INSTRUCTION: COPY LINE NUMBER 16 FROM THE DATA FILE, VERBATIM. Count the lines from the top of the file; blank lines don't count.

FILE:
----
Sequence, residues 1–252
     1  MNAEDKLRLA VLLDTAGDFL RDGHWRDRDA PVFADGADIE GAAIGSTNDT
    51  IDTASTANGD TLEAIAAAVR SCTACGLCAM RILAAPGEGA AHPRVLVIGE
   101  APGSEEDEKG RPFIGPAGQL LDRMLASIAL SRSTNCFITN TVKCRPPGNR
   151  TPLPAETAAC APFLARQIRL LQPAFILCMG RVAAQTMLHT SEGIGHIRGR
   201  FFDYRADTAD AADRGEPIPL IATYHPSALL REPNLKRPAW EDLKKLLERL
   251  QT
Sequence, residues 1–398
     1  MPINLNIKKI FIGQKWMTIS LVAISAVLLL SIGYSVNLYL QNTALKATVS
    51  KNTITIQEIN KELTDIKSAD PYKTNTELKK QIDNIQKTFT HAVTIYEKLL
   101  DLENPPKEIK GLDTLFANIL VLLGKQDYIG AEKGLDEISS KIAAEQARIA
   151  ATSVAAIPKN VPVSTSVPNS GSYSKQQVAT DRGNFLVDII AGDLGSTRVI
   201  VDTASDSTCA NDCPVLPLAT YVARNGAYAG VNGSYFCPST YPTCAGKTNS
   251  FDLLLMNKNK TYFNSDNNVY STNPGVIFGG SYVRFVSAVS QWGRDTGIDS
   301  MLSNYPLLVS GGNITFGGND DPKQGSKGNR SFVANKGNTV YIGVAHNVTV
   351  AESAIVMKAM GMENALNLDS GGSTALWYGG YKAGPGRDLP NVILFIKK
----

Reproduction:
   351  AESAIVMKAM GMENALNLDS GGSTALWYGG YKAGPGRDLP NVILFIKK